Wednesday, 18 March 2009
Monday, 16 March 2009
In my opinion, most of the company’s revenue, over £1 billion in 2008, seems to be made in areas like these. Many underprivileged can not get enough of the horse racing, gambling, golf, football and bookmaking ever since the company was set up by William Hill in 1934. Steadily the business grew to one of the country’s biggest bookmakers with branches in the UK, Ireland and Spain. A respectable achievement, and they always operated within the boundaries of the law. It bought 624 new betting offices in 2005; the acquisition took the company past Ladbrokes into first position in the UK betting market, with an annual profit of more than £150 million in 2008. CEO Ralph Topping – who took a Saturday job in Glasgow in 1973 and worked his way up – has many scheduled projects for the near future. He plans to expand the online betting business so people from all over the world can place a ‘bet-by-clicking’. Employing more than 14,600 people and with an average of 899,000 bets a day William Hill seems to be the model example of a successful company. But then I ask myself, do I agree with the American journalist Heywood Campbell Broun (1888-1939), who said 'the urge to gamble is so universal and its practice is so pleasurable, it must be evil'?
Because while I am passing these areas, it makes me wonder, how do they make their money and – even more importantly – out of whom? Didn't Arthur S. Reber once say in The New Gambler's Bible 'In every bet there is a fool and a thief'? I always believe luck never gives; it only lends, so it is here is where I become reluctant. Several publications, including a London School of Economics research report, have indicated that it is mainly the disadvantaged, the poor and uneducated, who fill William Hill’s, Ladbrokes', Coral's and all the other pockets. Is it true, like some former gambling addicts claim, that most betting offices seem to have developed a culture which is concentrated on squeezing the last penny out of their customers to generate maximum income? It is too early to say that, and one should not forget they are major private employers responsible for the economic well-being of many households, but the Independent and others seemed to have suggested the average William Hill visitor has had hardly any education and has often not a good idea how big – or slim – his chances of winning are. Or are just simply very young; an investigation by children's charity NCH concluded in July 2004 'children were able to gamble online.'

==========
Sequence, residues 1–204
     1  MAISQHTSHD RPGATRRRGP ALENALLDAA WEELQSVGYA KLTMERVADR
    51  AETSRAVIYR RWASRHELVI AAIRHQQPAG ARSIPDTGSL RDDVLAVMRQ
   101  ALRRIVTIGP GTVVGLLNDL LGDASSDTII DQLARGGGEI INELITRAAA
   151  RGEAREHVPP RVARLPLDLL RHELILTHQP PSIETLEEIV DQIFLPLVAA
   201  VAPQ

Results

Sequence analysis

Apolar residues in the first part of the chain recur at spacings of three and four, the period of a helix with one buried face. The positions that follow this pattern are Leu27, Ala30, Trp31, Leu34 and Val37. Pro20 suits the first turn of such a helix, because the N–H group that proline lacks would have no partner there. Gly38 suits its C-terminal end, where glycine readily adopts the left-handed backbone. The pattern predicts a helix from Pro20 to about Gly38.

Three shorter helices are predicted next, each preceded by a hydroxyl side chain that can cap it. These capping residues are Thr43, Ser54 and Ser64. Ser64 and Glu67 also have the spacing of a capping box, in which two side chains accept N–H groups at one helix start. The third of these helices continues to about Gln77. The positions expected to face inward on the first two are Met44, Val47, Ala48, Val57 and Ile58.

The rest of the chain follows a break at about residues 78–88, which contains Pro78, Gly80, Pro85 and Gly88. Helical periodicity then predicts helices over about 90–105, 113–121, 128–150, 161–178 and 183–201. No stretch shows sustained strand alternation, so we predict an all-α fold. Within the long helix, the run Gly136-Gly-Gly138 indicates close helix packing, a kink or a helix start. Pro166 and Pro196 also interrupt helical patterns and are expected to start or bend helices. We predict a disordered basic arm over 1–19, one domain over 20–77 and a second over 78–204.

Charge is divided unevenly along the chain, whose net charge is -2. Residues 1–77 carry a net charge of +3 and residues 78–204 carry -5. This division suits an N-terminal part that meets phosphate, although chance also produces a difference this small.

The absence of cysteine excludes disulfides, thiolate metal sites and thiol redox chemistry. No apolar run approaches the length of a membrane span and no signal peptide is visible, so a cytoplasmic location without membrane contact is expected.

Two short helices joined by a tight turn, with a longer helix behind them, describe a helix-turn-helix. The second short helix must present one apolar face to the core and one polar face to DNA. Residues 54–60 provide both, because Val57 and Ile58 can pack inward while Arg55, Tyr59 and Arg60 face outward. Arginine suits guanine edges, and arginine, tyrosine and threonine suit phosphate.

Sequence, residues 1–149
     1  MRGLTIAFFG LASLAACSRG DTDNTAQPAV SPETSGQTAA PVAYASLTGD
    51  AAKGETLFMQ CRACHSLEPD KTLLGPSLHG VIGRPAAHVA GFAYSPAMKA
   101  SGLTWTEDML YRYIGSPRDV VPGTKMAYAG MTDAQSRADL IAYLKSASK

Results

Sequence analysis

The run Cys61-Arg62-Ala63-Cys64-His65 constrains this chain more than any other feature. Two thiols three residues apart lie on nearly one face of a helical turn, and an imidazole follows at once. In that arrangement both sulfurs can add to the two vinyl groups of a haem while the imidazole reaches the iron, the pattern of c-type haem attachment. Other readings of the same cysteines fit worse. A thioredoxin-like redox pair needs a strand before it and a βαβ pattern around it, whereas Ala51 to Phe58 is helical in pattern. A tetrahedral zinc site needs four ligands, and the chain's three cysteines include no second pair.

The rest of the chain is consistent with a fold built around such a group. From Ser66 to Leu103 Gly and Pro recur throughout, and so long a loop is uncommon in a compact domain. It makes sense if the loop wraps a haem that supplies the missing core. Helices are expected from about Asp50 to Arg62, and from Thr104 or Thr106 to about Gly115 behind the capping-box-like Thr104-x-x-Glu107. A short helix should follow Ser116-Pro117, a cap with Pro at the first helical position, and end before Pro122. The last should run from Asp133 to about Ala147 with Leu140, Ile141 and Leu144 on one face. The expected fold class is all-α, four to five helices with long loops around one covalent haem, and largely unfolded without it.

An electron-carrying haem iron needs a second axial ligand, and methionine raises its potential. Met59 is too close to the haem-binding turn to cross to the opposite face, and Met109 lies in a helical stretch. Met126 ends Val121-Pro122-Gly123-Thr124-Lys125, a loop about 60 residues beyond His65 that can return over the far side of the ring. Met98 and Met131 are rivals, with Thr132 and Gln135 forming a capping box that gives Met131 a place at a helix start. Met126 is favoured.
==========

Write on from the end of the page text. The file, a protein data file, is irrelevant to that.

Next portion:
I believe the safest way to double your money is to fold it over once and put it in your pocket, but for many it merely is a possibility to escape reality, even just for a minute. Because that seems to me to be part of the William Hill product; selling a ‘dream’. What if you suddenly win a million, a car, a pension? How life changing is that! Without any doubt William Hill, Ladbrokes and so on are the only shop in the area which sell such a dream ride; a way out of boredom, a ticket away from their run down, monotonous life. It is almost like we are in Slum Dog Millionaire.
Unfortunately, for most of us, that is an illusion. At first, casinos and bookmakers are like prostitutes; they are both trying to screw you out of your money and send you home with a smile on you face. Leaving you empty handed (VP Pappy). And for some it takes quite a while, if not forever, before they have realized this. There is little which can be done, since no one can accuse the bookmakers of breaking the law or ignoring regulations. Including me. Clearly the UK's Gambling Act of 2005 offers hardly any protection; no one forces anyone to place a bet or to spend thousands of pounds, if not even more. So if people walk in voluntarily it become quite difficult to force them to stop playing when they are on their way to bet away a small fortune, something they mostly do not even have. So what happened to the bookies' moral responsibility? When gambling has become an addiction or the last resort for people to make a fortune to pay off their huge debts, is that not the time for the bookmakers to step in and say 'no'? What if someone wants to open a new account, while he still owes WH thousands of pounds and it is not very likely he will be able to pay it back soon? Mostly not a problem.